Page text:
Updates, commentary and advice on immigration and asylum law
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Can a British Overseas Citizen be stateless?

In Teh v Secretary of State for the Home Department [2018] EWHC 1586 (Admin) the High Court has found that a British Overseas Citizen (BOC) can be stateless under the Immigration Rules if he or she has no other nationality. This is an interesting and ...

6th July 2018 By

May 2018 immigration update podcast

Welcome to the May 2018 edition of the Free Movement immigration update podcast. It was a bumper month for immigration and asylum law updates, with 61 posts published on Free Movement in May. I can’t possibly cover everything, but the highlights ...

6th July 2018 By

Ambiguous changes to entrepreneur visas show why the Immigration Rules need simplifying

As regular readers of this blog will be aware, the Home Office’s latest statement of changes to the Immigration Rules comes into force tomorrow (Friday 6 July 2018). Nath has summarised the various changes being introduced in a previous post. Althou ...

5th July 2018 By

Home Office makes almost £100 million from children registering as British citizens

Home Office profit on the fees charged to children exercising their right to British citizenship comes to nearly £100 million over the past five years, Free Movement analysis has shown. The controversially high fee for the citizenship process known a ...

4th July 2018 By

Unlawfully imposed curfews amount to false imprisonment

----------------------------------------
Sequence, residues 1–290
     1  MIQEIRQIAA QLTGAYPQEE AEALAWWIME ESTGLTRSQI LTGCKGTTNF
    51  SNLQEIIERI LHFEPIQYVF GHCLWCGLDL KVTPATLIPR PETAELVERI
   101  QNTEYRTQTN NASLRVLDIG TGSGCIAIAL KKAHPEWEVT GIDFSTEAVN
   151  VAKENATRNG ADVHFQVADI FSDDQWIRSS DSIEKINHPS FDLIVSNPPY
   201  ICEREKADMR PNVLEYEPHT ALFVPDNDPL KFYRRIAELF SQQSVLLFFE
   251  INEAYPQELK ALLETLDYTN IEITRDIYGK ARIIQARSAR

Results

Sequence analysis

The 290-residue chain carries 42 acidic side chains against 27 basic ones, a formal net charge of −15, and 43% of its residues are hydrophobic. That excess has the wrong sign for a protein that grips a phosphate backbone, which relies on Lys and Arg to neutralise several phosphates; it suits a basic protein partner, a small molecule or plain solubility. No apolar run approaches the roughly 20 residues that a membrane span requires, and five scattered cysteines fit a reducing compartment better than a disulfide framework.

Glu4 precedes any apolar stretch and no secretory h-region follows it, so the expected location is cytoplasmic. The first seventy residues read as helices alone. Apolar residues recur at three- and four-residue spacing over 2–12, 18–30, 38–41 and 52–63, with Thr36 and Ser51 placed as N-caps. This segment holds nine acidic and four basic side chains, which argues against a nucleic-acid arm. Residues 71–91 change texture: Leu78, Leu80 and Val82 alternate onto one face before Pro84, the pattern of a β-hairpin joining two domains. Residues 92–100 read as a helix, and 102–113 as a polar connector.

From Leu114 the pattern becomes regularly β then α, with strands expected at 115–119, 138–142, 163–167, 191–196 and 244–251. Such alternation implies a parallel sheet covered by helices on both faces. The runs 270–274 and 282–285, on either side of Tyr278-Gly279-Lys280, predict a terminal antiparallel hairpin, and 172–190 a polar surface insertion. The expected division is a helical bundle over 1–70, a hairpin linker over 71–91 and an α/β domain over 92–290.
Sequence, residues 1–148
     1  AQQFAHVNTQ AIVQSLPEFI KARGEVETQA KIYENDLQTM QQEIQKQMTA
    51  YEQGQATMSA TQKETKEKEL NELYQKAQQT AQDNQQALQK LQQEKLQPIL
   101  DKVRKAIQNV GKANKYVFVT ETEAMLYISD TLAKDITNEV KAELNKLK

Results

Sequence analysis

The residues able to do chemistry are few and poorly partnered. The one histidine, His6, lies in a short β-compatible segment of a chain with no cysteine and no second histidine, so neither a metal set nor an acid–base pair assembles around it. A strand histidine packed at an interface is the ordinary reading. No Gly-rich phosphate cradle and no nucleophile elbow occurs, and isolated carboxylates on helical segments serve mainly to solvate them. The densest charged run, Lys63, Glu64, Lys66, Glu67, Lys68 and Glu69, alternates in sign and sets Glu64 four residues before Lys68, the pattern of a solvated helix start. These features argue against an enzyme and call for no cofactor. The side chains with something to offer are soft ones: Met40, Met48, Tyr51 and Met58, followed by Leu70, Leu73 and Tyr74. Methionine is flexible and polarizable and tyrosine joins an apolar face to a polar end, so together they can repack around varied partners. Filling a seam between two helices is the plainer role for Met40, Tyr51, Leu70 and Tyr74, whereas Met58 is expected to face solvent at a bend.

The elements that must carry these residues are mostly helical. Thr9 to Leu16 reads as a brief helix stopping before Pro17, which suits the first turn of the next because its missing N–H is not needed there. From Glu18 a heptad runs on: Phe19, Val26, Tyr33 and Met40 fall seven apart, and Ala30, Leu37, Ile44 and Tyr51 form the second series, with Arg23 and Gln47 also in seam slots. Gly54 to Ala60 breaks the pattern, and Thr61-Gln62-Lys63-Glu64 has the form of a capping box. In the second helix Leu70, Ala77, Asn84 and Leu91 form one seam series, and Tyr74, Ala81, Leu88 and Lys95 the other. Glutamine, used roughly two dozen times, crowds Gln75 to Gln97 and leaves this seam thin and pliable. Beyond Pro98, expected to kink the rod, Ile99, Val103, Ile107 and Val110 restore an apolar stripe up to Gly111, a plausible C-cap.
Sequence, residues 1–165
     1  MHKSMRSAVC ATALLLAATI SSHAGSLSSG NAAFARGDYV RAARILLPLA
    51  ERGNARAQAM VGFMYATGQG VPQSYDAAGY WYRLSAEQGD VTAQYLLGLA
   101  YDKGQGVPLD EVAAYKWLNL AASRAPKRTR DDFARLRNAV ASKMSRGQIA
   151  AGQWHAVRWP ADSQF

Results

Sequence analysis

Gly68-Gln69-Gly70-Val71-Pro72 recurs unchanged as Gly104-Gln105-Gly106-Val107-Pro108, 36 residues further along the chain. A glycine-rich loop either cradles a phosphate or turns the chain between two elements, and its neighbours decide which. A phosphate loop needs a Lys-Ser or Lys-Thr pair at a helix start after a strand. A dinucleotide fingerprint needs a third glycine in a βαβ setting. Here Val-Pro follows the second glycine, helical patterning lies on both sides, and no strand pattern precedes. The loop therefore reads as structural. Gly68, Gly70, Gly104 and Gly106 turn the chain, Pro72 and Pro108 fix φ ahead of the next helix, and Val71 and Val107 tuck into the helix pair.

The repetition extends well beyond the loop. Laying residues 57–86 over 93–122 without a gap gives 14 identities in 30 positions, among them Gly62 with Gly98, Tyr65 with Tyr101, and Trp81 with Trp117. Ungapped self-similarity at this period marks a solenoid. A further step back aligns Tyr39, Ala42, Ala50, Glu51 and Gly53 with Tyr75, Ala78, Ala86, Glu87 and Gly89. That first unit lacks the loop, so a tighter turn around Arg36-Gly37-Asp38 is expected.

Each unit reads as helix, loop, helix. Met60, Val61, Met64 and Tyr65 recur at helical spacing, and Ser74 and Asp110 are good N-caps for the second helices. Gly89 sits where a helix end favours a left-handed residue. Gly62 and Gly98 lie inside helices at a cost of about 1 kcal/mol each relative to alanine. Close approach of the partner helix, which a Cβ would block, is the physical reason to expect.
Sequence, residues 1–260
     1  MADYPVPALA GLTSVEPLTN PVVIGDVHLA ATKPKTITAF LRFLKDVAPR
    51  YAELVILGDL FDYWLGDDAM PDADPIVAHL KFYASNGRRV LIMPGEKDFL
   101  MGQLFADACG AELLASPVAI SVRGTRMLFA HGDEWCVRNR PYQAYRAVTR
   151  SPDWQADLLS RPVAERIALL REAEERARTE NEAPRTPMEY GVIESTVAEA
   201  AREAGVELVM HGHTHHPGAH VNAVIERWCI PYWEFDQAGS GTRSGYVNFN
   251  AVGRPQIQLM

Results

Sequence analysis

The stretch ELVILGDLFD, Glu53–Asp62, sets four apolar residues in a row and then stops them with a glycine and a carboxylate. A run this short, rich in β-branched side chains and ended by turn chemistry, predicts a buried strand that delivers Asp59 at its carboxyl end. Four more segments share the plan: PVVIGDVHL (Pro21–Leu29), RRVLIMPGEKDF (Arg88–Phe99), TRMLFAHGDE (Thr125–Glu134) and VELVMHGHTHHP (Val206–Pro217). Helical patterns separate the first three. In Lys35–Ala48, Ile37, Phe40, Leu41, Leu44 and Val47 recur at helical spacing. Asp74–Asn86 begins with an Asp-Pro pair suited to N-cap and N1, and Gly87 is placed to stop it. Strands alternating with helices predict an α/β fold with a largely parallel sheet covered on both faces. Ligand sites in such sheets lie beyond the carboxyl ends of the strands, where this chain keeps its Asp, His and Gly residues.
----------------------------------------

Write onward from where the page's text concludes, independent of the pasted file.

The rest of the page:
In R (Gedi) v Secretary of State for the Home Department [2016] EWCA Civ 409 the Court of Appeal reversed a High Court decision that the words “restriction as to residence” in paragraph 2(5) of Schedule 3 to the Immigration Act 1971 em ...

4th July 2018 By

Irish sex offender’s request to be deported denied

R (Connell) v Secretary of State for the Home Department [2018] EWCA Civ 1329 is about whether the Home Secretary has a duty, imposed by Parliament, to deport foreign criminals even if they are EEA nationals. The Court of Appeal ruled that the legisla ...

3rd July 2018 By

Comment: What is driving the Home Office fees increase?

When asked why the fees for visa applications are so expensive, the Home Office traditionally responds that the immigration system should be “funded by those who benefit from it”, in order to reduce taxpayer expense. This is a convenient p ...

2nd July 2018 By

New country guidance case on Kurds returned to Iraq

AAH (Iraqi Kurds – internal relocation) (CG) [2018] UKUT 212 (IAC) is a recent country guidance case on the availability of internal relocation for Iraqi Kurds to the Iraqi Kurdish Region. This case updates some of the guidance contained in AA ( ...

2nd July 2018 By

Long delays in Home Office provision of immigration bail accommodation are lawful

Where a detainee is held under immigration powers by the state, he or she has the right to apply to be released on bail to the First-tier Tribunal. Previously, if a detainee had no place to stay on release then they could ask to be accommodated, under ...

29th June 2018 By

Migrants detained indefinitely or made homeless by new immigration bail system

Homeless migrants are being kept in detention centres indefinitely because the Home Office is no longer finding them a place to live after release. The department’s refusal or inability to provide accommodation under a new immigration bail syst ...

28th June 2018 By

Tribunal decides on Immigration Rules for overseas adoptions, rescues “feral” child

The case of TY (Overseas Adoptions – Certificates of Eligibility) Jamaica [2018] UKUT 197 (IAC) involves the complex interplay between the Immigration Rules and international adoption law. It is a must-read for anyone involved in applications or ...

28th June 2018 By

The meaning of “residence” for indefinite leave to remain applications

In the case of R (Nesiama & Ors) v Secretary of State for the Home Department [2018] EWCA Civ 1369, the Court of Appeal found that “residence” in the UK means “physical presence”, such that continuous residence in an application for indefi ...

27th June 2018 By
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